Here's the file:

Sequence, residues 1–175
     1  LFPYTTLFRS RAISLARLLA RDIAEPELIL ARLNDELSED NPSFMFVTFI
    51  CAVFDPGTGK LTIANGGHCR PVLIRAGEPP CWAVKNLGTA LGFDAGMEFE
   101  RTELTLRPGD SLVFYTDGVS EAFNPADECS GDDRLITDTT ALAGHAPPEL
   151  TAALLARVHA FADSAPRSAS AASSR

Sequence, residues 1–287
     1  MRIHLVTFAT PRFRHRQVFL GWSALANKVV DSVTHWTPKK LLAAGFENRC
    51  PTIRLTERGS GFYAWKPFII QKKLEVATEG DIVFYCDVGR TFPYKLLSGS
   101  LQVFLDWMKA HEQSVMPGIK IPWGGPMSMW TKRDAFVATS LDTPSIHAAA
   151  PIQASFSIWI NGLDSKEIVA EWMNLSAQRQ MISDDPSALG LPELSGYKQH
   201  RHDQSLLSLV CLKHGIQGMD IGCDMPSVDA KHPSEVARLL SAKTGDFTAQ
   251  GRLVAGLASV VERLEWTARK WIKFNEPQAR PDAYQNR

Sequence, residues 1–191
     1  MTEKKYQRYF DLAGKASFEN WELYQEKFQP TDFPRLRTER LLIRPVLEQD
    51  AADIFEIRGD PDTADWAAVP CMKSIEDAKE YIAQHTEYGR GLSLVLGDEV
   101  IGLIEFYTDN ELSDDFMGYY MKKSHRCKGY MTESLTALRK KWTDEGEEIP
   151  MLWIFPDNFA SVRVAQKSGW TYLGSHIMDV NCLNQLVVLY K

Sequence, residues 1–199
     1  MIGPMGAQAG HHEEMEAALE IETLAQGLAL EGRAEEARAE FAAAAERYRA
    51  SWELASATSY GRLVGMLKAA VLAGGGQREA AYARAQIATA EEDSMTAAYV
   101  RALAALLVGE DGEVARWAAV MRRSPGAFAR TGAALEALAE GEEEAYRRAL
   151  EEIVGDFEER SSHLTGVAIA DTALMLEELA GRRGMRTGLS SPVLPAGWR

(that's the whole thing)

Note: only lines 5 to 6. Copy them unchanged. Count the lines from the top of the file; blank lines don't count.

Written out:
   151  TAALLARVHA FADSAPRSAS AASSR

Sequence, residues 1–287